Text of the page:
Month: January 2009

This is all I"ve got for ya, folks

Well, it would seem that every since the design business has taken off, I have less time to blog. Less time to do anything, to be honest. So to the two of you that still read my blog, I apologize (mom and mil).

I sit at my desk (outside of homeschooling) no less than 12-14 hours a day. Last night I went to bed at 3:30.

I haven’t even had time to update my design blog with all the new designs.

To break up all the monotony, I tend to watch really silly you tube video clips of some of my favorite comedians…it also feeds my creative tendencies.

Enjoy the following from Tim Hawkins:

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Taking away our liberty?

Remember just two days ago I said that some of you might think I was a conspiracy theorist because I stated that I really feel like the government is trying to take away our rights as parents?

I received this in my inbox this morning – from our HSLDA President regarding a UN Treaty that Hillary Clinton supports and will most likely introduce. Please read it and be informed.

Personally, I find this frightening. Here is the article in full, from Michael Smith:

Washington Times Op-ed—U.N. Treaty Might Weaken Families

by J. Michael Smith
HSLDA President

One of the issues American families could face this year is the ramifications from a treaty called the United Nations Convention on the Rights of the Child (CRC).

You may ask, “How could a treaty directly affect internal decision-making by American families?” We generally think of treaties as agreements affecting international relations between countries. The U.N., however, has initiated treaties that not only affect international relations, but also the domestic relations of member nations as well. These treaties, sometimes called “conventions,” require member nations that ratify the treaty to implement the requirements as binding law or rules.

On Nov. 20, 1989, the U.N. adopted the CRC and submitted it for ratification to the member nations. It has been ratified by 193 nations—the United States is one of the few countries that has not ratified it.

The ratification process requires a two-thirds vote by the U.S. Senate. On Feb. 16, 1995, Madeleine Albright, the U.S. ambassador to the U.N., signed the CRC on behalf of the United States. The CRC, however, has never been sent to the Senate for ratification because there is insufficient support to pass it.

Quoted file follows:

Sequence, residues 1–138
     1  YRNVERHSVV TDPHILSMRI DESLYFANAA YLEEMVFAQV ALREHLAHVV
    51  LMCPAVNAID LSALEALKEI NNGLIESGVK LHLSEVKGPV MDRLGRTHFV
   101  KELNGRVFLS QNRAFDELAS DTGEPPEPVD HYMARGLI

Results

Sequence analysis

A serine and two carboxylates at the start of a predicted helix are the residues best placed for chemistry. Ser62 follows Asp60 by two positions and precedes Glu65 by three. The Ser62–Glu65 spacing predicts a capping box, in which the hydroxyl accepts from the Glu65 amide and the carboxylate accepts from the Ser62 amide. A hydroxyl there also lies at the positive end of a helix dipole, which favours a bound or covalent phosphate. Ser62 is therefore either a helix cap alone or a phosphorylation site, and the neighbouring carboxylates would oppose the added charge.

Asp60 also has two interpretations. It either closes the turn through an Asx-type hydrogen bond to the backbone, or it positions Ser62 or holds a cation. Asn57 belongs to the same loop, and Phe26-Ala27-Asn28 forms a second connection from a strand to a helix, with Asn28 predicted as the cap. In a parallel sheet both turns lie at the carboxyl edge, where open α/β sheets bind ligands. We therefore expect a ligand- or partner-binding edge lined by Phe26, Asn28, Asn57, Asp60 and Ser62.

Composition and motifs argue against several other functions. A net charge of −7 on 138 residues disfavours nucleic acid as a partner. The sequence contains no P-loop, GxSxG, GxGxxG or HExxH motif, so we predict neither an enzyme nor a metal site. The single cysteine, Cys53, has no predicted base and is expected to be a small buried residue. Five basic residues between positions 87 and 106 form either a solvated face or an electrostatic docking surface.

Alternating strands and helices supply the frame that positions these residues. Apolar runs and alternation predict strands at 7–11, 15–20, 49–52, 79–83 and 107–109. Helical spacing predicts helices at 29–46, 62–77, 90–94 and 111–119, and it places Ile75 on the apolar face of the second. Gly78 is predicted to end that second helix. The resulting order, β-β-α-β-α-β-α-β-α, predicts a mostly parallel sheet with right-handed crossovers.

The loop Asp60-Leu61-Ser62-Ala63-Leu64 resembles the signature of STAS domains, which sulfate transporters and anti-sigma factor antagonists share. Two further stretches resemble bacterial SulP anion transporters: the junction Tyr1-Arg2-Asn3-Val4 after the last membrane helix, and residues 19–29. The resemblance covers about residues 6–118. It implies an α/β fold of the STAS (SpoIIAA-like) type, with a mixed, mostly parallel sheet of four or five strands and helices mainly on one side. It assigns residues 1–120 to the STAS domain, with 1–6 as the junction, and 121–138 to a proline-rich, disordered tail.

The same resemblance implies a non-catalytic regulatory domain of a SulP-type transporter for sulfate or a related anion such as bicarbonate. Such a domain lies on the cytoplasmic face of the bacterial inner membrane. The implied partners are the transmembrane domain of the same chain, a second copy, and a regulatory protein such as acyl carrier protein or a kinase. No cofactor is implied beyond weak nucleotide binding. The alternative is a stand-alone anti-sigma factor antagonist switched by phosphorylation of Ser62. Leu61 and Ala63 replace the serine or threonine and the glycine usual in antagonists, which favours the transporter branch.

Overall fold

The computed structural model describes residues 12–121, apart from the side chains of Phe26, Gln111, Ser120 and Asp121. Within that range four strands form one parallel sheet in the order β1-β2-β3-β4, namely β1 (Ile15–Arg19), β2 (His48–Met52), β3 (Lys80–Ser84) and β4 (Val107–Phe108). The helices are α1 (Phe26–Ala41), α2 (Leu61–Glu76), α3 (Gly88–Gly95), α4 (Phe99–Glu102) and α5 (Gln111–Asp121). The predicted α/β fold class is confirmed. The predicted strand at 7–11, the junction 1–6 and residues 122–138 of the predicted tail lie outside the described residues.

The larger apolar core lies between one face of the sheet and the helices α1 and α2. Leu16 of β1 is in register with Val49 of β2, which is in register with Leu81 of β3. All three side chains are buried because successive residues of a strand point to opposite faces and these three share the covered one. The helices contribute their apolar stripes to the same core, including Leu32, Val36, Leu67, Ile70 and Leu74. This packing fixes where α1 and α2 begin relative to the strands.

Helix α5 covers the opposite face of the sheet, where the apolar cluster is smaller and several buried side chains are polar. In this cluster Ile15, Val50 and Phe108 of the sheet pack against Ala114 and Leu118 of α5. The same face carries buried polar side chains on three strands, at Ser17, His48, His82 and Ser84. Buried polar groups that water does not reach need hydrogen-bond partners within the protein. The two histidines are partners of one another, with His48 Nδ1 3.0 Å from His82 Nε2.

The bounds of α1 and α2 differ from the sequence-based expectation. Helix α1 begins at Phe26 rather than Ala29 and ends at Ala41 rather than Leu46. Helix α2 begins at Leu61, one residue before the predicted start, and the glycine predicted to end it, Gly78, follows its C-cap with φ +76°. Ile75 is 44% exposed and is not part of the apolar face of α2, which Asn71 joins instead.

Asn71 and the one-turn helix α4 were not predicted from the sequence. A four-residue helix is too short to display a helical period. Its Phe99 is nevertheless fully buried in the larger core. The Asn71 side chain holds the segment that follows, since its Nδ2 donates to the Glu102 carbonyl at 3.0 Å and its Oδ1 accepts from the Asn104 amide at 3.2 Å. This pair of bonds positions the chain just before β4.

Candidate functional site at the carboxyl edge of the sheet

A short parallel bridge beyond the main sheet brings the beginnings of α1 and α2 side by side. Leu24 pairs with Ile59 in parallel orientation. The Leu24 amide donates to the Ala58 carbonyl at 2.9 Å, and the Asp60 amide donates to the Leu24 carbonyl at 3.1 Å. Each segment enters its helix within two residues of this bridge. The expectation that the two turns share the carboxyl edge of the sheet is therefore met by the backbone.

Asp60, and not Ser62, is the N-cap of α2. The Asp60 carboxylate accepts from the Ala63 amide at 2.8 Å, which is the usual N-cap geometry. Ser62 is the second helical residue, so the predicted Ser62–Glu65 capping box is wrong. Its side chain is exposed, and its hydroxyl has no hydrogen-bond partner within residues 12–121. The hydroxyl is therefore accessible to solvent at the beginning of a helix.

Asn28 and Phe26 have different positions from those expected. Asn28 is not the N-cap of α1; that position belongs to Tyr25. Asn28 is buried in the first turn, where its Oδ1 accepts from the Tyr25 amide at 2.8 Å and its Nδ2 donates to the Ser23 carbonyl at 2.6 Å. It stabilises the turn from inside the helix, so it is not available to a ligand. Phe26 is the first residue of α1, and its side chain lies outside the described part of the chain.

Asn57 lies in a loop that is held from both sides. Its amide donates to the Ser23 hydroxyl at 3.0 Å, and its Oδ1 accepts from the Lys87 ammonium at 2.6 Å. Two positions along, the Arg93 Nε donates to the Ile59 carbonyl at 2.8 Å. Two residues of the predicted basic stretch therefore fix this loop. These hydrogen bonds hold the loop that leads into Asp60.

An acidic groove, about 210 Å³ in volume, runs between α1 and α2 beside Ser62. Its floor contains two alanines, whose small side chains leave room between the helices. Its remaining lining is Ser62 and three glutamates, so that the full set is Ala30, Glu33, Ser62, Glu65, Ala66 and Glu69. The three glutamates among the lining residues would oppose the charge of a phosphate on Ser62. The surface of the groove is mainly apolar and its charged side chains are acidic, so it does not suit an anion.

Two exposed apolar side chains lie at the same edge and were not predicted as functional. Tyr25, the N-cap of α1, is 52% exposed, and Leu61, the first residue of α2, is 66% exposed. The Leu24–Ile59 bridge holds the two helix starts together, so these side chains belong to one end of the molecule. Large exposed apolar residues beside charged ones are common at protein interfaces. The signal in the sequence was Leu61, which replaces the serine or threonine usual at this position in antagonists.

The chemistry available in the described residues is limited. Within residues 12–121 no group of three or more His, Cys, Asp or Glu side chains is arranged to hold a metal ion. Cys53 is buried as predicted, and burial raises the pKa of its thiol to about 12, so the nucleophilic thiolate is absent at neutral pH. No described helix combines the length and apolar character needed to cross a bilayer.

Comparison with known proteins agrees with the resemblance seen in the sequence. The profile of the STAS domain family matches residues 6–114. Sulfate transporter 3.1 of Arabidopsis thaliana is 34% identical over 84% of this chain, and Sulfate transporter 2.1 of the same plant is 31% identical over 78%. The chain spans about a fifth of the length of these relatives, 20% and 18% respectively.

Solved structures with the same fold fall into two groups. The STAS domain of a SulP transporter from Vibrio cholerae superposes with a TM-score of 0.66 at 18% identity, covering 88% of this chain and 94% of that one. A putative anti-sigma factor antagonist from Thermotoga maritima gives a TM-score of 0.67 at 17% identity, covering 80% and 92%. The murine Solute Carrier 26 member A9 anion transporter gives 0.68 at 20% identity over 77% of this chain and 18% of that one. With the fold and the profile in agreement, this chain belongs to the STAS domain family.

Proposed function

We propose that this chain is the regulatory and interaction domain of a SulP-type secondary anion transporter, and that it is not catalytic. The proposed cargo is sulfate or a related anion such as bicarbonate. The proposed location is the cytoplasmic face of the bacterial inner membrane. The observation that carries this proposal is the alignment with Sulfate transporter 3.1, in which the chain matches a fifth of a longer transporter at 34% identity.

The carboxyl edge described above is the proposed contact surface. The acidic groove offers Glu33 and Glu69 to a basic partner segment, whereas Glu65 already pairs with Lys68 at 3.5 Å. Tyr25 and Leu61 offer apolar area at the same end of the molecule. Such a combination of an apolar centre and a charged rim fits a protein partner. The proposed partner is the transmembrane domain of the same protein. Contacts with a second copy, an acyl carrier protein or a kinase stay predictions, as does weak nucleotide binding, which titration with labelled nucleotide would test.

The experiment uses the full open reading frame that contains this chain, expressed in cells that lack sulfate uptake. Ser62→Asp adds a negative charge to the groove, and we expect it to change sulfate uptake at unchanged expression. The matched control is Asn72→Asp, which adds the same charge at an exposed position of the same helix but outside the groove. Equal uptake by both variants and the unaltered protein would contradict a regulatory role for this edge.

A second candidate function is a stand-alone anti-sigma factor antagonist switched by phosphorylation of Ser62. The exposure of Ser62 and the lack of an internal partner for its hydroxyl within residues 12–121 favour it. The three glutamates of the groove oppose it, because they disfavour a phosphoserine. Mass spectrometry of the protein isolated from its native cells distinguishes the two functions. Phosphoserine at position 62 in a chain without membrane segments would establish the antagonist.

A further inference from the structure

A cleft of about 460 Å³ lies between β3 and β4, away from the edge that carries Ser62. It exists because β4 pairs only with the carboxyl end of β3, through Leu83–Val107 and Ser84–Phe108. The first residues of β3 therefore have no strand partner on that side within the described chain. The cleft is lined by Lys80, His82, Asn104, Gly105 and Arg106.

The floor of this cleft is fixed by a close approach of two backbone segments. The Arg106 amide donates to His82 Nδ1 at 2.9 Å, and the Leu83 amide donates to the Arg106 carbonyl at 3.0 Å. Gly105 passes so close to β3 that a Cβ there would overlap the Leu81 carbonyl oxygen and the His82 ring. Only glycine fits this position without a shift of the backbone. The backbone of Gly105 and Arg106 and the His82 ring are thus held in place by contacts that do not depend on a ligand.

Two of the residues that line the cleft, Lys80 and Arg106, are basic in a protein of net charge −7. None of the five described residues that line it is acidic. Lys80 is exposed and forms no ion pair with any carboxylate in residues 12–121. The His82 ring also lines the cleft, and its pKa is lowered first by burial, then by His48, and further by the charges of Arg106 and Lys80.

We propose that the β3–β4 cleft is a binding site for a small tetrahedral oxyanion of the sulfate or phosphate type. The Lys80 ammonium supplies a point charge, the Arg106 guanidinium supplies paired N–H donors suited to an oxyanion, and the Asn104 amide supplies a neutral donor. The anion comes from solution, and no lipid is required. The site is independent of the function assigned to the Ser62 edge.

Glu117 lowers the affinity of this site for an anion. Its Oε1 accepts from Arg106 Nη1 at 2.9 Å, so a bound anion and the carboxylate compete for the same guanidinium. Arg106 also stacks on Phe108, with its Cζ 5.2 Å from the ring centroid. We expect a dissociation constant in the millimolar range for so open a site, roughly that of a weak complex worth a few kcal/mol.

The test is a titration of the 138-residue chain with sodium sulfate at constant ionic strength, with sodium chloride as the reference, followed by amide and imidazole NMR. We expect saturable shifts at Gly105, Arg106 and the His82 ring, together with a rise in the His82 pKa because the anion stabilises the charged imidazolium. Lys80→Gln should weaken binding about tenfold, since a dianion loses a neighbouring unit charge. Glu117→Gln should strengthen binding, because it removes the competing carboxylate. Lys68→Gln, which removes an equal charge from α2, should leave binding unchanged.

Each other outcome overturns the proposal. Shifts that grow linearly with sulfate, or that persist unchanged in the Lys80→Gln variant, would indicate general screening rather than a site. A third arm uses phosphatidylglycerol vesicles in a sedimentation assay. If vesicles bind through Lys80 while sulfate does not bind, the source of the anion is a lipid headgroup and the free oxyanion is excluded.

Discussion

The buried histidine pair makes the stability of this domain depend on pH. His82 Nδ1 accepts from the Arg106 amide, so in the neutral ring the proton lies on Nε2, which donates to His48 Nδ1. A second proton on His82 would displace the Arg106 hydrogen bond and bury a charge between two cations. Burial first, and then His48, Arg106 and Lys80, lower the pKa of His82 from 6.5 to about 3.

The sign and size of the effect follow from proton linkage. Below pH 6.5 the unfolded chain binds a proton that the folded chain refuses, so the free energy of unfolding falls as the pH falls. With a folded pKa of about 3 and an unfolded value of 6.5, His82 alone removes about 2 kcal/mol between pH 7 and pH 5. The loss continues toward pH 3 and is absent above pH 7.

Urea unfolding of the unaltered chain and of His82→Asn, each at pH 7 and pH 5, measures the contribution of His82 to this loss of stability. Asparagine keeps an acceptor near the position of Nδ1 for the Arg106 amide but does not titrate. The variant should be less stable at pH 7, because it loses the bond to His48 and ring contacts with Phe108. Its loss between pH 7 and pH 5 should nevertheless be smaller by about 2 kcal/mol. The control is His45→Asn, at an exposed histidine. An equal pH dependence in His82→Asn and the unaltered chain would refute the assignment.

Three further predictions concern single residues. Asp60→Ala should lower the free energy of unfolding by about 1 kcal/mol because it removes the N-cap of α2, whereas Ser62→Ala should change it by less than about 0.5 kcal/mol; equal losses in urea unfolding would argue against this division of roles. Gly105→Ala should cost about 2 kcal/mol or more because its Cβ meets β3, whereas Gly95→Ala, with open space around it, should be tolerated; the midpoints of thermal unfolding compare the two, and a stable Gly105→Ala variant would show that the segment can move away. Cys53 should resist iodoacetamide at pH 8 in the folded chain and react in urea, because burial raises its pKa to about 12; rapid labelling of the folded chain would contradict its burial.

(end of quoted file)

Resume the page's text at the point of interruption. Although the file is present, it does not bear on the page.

Due to the recent election, however, there are rumblings from Capitol Hill that there will be an effort to seek ratification of the CRC during the next congressional cycle. Hillary Rodham Clinton is a strong supporter of the treaty, and as secretary of state, would have direct control over the submission of treaties to the Senate.

Why should passage of the CRC be of concern? It likely would have a negative impact on domestic law and practice in the United States. Article VI of our Constitution makes treaties—and remember, conventions are viewed as treaties—“the supreme law of the land.” The CRC would be treated as superior to laws in every state regarding the parent-child relationship. This would include issues regarding education, health care, family discipline, the child’s role in family decision-making, and a host of other subjects.

Article 43 of the CRC establishes an international committee on the rights of the child to examine compliance by member nations. This committee, which sits in Geneva, has final authority concerning interpretation of the language contained in the CRC.

Two central principles of the CRC clearly are contrary to current U.S. laws related to parent-child relationships. The CRC provides that in all matters relating to children, whether private or public, or in courts, the best interests of the child shall be a primary consideration. Additionally, nations should ensure that children are capable of expressing their views freely in all matters affecting them, giving due weight to the age and maturity of the child.

This is contrary to traditional American law, which provides that absent proof of harm, courts and social workers simply do not have the authority to intervene in parent-child relationships and decision-making. The importance of this tradition and practice is that the government may not substitute its judgment for that of the parent until there is proof of harm to the child sufficient to justify governmental intervention. It is clear that in two very important areas of the parent-child relationship, religion and education, there will be potential for tremendous conflict.

The international committee in Geneva, in reviewing the laws of practice of countries that have ratified the CRC, has expressed its concern that parents could homeschool without the view of the child being considered; that parents could remove their children from sex-education classes without the view of the child being considered; that parents were legally permitted to use corporal punishment; and that children didn’t have access to reproductive health information without parental knowledge.